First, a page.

Ruben Tejada might file service-time grievance against Mets

Infielder Ruben Tejada is considering filing a grievance against the New York Mets, accusing the team of shortchanging him one day of service time that would have allowed him to become a free agent after the 2016 season instead of 2017, two sources with knowledge of the situation told Yahoo Sports.

While teams regularly manipulate service time to keep players from reaching arbitration early, Tejada's case is unique not only in keeping him from free agency but the Mets not trying to hide it.

The Mets planned on calling up Tejada from Triple-A Las Vegas once it lost in the playoffs, and in late August manager Terry Collins said Tejada would "play quite a bit."

On Sept. 1, the Mets summoned relievers Vic Black and Tim Byrdak and utilityman Zach Lutz from Las Vegas. On Sept. 7, they brought up reliever Sean Henn. Las Vegas lost its final game that day. On Sept. 9, outfielder Mike Baxter, starter Aaron Harang, catcher Juan Centeno and reliever Greg Burke arrived.

One day after that, the Mets finally recalled Tejada. He was their last September call-up.

Should Tejada follow through with a grievance, arbitrator Fredric Horowitz – currently overseeing the Alex Rodriguez case – would decide whether the Mets were within their rights to leave Tejada with two years, 171 days of service time. A full season of service time is considered 172 days. While the actual baseball season is 183 days, players can accrue a maximum of 172 in a season, leaving Tejada one day short of three full years.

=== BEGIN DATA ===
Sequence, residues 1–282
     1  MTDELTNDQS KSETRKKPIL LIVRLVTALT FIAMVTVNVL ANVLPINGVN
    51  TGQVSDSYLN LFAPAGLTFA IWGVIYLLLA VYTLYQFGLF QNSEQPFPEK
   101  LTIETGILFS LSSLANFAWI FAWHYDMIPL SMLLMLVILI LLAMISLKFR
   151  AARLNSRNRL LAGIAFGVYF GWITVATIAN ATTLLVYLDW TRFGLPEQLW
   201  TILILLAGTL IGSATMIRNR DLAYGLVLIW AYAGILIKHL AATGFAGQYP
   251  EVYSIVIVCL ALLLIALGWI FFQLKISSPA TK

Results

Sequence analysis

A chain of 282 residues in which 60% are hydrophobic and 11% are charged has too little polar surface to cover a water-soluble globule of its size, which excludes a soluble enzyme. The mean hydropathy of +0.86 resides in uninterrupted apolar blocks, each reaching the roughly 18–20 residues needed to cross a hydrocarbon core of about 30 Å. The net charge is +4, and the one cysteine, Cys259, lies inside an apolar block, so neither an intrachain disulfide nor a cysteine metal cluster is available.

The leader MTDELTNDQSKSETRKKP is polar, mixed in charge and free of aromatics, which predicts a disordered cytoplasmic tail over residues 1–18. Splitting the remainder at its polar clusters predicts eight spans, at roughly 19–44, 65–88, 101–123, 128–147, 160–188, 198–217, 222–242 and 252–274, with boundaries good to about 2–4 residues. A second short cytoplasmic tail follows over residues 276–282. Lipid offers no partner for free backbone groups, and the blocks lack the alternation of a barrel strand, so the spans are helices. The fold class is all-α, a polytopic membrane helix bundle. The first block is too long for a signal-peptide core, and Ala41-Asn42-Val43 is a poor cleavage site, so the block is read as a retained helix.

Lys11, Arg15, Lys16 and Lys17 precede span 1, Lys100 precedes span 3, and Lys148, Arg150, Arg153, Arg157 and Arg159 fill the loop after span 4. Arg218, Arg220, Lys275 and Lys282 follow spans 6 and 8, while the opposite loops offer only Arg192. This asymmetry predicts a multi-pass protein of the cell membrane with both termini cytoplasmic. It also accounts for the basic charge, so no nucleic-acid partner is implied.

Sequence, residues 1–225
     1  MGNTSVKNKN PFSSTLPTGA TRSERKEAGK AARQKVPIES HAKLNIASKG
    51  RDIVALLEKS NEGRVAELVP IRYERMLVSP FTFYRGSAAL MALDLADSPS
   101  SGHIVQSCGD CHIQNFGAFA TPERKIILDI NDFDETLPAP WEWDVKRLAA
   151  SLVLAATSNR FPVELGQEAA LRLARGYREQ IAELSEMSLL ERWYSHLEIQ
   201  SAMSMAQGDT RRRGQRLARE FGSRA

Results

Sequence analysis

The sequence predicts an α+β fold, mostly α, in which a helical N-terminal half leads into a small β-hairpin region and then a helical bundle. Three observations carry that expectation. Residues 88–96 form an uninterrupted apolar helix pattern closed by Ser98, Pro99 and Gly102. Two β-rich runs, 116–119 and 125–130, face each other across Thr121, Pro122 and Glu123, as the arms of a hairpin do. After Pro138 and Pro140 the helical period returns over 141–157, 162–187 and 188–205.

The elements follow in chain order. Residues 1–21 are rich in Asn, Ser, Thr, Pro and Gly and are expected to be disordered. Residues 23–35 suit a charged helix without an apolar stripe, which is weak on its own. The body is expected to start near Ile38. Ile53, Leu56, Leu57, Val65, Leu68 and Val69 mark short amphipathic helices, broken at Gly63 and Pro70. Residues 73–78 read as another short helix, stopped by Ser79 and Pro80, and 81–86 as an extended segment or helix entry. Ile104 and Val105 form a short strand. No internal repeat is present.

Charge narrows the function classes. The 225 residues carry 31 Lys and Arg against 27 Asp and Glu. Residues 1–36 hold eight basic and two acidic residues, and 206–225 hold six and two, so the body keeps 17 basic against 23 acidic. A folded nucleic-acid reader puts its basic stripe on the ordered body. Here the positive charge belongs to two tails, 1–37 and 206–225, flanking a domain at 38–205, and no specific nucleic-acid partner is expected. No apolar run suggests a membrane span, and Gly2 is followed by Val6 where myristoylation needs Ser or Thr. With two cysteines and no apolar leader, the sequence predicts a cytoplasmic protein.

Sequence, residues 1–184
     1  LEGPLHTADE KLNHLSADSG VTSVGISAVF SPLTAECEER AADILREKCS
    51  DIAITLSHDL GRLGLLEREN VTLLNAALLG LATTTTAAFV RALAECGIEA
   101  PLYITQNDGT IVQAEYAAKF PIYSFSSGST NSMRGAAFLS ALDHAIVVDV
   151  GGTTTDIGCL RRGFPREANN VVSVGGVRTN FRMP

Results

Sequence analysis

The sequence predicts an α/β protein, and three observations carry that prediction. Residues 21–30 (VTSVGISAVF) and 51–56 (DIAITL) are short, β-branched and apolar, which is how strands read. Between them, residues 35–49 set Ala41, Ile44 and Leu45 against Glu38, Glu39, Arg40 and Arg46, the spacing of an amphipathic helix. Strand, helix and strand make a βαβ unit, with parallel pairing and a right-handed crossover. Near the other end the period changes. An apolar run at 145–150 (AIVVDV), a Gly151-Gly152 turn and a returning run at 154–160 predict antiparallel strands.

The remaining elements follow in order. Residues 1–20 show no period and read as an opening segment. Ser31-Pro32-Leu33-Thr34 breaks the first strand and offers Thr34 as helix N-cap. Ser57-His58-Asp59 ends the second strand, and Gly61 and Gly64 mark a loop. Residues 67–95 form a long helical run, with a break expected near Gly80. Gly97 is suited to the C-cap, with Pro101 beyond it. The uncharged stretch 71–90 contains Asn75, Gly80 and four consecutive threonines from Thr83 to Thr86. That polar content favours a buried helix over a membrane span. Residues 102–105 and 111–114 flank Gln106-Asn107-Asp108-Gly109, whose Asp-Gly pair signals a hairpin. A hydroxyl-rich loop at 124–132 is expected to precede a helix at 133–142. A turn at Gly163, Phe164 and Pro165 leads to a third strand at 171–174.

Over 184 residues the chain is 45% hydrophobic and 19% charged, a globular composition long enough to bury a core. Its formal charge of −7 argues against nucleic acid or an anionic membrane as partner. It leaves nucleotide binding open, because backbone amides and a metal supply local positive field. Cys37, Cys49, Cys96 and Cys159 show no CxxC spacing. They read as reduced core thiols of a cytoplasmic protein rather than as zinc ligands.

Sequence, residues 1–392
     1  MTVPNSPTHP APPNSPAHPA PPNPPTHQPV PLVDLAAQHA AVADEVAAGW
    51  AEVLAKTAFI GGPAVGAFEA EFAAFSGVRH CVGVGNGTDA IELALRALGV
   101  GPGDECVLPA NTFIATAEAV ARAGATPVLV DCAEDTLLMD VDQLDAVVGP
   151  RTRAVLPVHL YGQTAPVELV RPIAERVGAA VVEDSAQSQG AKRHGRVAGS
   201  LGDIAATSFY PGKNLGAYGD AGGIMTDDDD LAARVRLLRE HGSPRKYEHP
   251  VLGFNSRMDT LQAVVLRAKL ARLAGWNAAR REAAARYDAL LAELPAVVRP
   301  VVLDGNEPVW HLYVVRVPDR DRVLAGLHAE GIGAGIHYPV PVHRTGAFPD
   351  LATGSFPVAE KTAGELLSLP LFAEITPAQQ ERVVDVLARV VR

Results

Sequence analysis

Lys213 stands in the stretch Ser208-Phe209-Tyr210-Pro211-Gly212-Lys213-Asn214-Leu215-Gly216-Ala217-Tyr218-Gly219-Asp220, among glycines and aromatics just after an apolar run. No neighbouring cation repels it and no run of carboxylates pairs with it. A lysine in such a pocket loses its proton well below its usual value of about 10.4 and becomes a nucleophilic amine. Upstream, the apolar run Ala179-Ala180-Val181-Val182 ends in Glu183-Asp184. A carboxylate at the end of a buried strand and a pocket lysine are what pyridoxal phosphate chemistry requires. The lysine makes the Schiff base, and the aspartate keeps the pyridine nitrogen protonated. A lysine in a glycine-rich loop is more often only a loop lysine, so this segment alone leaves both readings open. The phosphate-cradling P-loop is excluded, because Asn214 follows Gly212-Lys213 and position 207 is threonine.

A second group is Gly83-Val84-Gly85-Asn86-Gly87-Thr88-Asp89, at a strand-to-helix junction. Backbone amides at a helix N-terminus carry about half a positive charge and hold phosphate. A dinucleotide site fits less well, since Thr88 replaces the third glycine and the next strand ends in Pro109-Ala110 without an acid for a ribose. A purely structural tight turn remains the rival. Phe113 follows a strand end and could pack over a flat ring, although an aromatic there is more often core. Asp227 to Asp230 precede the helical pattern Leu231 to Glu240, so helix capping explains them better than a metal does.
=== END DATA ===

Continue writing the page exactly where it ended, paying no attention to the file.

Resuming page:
The consequences for him could be significant. If Tejada remains on a major league roster for at least 172 days in 2014, 2015 and 2016, he would end up with five years, 171 days – one day shy of free agency, which he would not receive until after the 2017 season.

Should the case go to grievance and Tejada be awarded the extra day, the beneficiary would be Seattle Mariners reliever Charlie Furbush, who would jump into the top 22 percent of players with two-plus years of service time and reach arbitration as a Super 2. With his current service time, Tejada would be a Super 2.

Mets officials are aware of a potential grievance. Through a spokesman, the team declined comment. When reached by phone, Chris Leible, one of Tejada's representatives at the Legacy Agency, declined comment.

Tejada, 24, took over as the Mets' starting shortstop in 2012 after Jose Reyes left for Miami as a free agent. After a disabled-list stint for a strained quadriceps in May 2013, the Mets sent him to the minor leagues for nearly 3½ months. Upon his return in September, Tejada played every day before breaking his leg on a spectacular catch. He finished the season hitting .202/.259/.260 with no home runs and 10 RBIs in 227 plate appearances.